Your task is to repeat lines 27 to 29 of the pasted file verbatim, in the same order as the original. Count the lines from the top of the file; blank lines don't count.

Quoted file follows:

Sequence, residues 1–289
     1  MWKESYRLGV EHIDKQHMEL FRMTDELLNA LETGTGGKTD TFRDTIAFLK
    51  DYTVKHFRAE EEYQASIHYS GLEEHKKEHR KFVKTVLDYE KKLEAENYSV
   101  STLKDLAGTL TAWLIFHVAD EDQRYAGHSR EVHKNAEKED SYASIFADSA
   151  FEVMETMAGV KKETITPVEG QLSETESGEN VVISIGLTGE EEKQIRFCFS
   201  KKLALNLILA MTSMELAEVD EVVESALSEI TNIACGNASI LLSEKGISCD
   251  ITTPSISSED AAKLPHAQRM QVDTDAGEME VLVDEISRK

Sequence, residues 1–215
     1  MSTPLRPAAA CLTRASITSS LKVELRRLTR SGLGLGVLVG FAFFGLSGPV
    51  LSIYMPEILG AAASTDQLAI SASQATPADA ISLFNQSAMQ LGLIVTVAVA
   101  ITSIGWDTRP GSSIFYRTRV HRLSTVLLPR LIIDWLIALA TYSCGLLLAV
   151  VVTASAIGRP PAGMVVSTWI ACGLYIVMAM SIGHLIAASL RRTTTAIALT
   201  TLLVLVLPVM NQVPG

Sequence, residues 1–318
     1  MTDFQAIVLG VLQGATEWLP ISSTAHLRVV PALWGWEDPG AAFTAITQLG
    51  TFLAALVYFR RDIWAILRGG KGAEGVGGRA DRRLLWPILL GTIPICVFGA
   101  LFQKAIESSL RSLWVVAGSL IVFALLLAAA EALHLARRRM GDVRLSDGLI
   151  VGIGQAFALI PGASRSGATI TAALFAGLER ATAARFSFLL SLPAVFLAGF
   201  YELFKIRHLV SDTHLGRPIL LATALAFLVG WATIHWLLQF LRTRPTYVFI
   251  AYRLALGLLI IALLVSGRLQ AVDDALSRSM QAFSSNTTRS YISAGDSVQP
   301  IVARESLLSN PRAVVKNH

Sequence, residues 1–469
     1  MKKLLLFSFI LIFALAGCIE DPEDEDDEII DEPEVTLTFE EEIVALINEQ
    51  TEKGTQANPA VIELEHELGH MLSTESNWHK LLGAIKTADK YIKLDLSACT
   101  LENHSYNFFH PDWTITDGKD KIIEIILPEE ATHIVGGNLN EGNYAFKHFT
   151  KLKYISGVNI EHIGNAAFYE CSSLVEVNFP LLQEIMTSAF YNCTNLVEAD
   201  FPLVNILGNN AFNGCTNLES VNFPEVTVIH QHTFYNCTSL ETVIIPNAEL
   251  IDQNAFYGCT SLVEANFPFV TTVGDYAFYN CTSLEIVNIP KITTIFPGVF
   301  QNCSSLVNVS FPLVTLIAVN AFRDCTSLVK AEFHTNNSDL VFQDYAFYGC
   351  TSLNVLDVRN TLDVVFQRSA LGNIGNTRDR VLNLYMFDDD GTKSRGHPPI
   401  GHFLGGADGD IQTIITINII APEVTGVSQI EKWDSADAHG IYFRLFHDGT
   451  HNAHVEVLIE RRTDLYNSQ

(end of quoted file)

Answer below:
   201  FPLVNILGNN AFNGCTNLES VNFPEVTVIH QHTFYNCTSL ETVIIPNAEL
   251  IDQNAFYGCT SLVEANFPFV TTVGDYAFYN CTSLEIVNIP KITTIFPGVF
   301  QNCSSLVNVS FPLVTLIAVN AFRDCTSLVK AEFHTNNSDL VFQDYAFYGC